By 1973, he was back in San Francisco, working a seasonal job in a warehouse. When he got laid off in the spring, his boss asked where he would go from there. “I told him I wanted to look for land to buy, and he told me about a friend who’d bought some in this area,” says Schoenfeld. “So I bought the adjoining 40 acres. It was great living here—until it rained and I had to return to town [he’d only built domes for shelter at first, and they leaked].” Eventually, he ended up in San Anselmo with a group of friends. One of them was a wine buyer for a local restaurant, and he’d bring some of the samples home to enjoy. “We developed palates we couldn’t afford,” he says. “So I decided to make some of my own wine in 1977. I started with some Cabernet Sauvignon from Sterling Vineyards. Six months later, I had some great wine. I was a home winemaker for a number of years—the joke today is, I’m a ‘home winemaker gone bad,’” he laughs. I’m going to have to disagree. His wine is delicious.

“I met my wife, Marion, in 1980 and, in 1981, we began planting the vineyard on the property [as well as building a house]. We didn’t know what we were doing, but by 1985, people said we should sell our wine.” They have five planted acres, including Pinot Noir, Zinfandel, Petite Sirah and Syrah. “It took us 10 years to plant it all because of water issues,” he says. “Most of the land here isn’t suitable for planting.” The winery became bonded in 1990 and the estate now covers 110 acres, including a three-acre garden and fruit orchard.

The wine label features a photo of a Bruce Johnson sculpture that Marion gave Daniel as a birthday present. “We’d always wanted one,” he says. “I was stunned when she gave it to me.” The label’s design is custom-made by a friend who worked at the San Francisco Chronicle. “We’re one of the few wineries with a black and white label,” he says. “It hasn’t changed.”

Planting grapes and building a winery wasn’t an easy undertaking by any means. The estate is entirely off the grid (as is most of the Fort Ross-Seaview area, though most of the bigger vineyard operations aren’t). Everything is powered by solar and hydro (a Pelton wheel), with a back-up generator for about 5 percent of its needs. Schoenfeld had to buy tractors so he could improve the three-mile dirt road that leads to his property. He ended up doing heavy equipment work, carpentry and playing keyboards in local bands for a living during the process. It took four years to build the winery because it was all self-funded. “The bank wouldn’t help. We had no track record,” he says, but adds that he was glad in the end that it happened that way. “Don’t borrow money,” he advises, “build what you want slowly and small.”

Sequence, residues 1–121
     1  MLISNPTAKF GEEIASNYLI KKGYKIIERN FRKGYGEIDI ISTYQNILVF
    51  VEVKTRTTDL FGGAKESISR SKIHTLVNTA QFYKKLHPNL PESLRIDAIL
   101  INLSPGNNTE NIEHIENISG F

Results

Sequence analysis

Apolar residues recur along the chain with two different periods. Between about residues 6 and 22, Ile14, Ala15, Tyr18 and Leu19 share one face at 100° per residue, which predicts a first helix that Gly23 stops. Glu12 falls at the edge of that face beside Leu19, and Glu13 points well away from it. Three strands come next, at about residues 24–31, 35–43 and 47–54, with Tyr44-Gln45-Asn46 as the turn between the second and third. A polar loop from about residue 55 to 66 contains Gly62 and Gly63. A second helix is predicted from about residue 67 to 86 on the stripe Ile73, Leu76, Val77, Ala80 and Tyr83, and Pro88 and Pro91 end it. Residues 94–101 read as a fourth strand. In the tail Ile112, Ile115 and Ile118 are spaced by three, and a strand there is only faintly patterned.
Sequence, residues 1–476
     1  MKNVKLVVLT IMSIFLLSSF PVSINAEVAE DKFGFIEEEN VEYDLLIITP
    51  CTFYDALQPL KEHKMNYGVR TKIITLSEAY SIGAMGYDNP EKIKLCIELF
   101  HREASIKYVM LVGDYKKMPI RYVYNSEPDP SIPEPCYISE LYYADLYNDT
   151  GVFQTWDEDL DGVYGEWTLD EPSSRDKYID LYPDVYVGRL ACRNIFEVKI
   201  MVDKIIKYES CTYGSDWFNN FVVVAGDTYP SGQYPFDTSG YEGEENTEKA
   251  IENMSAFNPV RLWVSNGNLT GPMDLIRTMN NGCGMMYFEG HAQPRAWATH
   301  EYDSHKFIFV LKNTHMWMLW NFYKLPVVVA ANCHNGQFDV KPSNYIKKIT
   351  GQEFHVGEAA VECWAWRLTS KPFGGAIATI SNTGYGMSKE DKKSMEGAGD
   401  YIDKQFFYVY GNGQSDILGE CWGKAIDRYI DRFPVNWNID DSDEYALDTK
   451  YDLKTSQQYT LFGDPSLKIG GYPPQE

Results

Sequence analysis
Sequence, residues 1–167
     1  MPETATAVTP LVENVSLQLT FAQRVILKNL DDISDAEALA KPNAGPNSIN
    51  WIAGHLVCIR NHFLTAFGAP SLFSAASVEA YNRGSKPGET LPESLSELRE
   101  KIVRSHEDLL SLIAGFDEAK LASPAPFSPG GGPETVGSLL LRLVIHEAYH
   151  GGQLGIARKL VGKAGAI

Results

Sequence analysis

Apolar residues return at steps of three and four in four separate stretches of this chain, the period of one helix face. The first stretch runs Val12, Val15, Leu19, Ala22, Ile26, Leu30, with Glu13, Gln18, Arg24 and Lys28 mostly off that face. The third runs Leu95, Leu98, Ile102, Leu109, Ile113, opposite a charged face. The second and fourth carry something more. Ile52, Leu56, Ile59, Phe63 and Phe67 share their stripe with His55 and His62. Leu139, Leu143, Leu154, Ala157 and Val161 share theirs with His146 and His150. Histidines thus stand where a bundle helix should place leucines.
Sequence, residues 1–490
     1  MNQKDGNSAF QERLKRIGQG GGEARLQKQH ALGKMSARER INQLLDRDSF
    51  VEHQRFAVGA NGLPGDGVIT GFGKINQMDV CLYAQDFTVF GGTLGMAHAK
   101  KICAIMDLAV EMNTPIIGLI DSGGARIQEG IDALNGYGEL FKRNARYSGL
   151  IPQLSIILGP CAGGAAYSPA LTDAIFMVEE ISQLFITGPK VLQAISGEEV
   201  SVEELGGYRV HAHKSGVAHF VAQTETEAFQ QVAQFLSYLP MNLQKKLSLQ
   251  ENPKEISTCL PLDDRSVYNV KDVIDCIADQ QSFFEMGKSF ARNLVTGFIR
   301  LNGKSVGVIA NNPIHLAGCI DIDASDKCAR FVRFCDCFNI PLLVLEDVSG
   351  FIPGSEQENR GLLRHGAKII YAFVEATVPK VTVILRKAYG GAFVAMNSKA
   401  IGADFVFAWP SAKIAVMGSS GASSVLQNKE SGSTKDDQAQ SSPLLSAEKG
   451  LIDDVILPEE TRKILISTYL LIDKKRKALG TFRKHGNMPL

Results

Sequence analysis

“Our vineyard is certified organic, but the wine isn’t, because we add a small amount of sulfites,” says Schoenfeld. “We only use American oak. Most of the new oak is used for Pinot Noir because it gives it a cleaner, crisper flavor. We don’t use humidifiers because what’s evaporating is the water, not the wine. It gets more complex that way. The Zinfandel and blends stay in about 18 months; the rest for about a year. The wine is bottled and labeled here, and it ages in the bottle anywhere from six months to four or five years, depending on what it needs.” The winery also purchases some of its Zinfandel and Pinot Noir from other growers, along with Montepulciano, Dolcetto, Sangiovese and Barbera.

The 2008 Estate Pinot Noir has a smoky nose with spices and raspberries. It’s earthy with great acid balance. “The Pinot Noir needs some extra time to farm. It’s like a sensitive child—you have to spend more time with them or they get cranky,” says Schoenfeld.

The 2009 Estate Zinfandel (which is co-fermented with Petite Sirah) has anise on the nose with dark fruit and firm tannins. It’s lush and masculine, earthy with great balance. “The Zin is much easier,” he says.

“We store the finished wine in our ‘cave’ [a makeshift, cement-lined room that keeps cool] or at Sonoma County Vintner’s Co-op in Windsor, which is a great place. They make life so much easier and take care of the wine very well,” he says.

His was the first winery facility in the area. “Bohan was the first to plant grapes here. When he wanted to do it, the county said he shouldn’t, but he did anyway [back then, no permit was required]. Then Precious Mountain vineyard came in, which sells to Williams-Selyem. Hirsch had some grapes up here when I came, too,” he remembers. “When we started here, there were about 30 or 40 planted acres in the area. Now there’s at least 400 or 500 and 20 or 25 growers. In about 1998, this place became hip to grow Pinot Noir. But some of the people who came had more money than sense. Before, it was old hippies and ranchers, but then people from all over started moving in. People spent a lot of money to plant those vineyards. Some had fleets of water trucks.”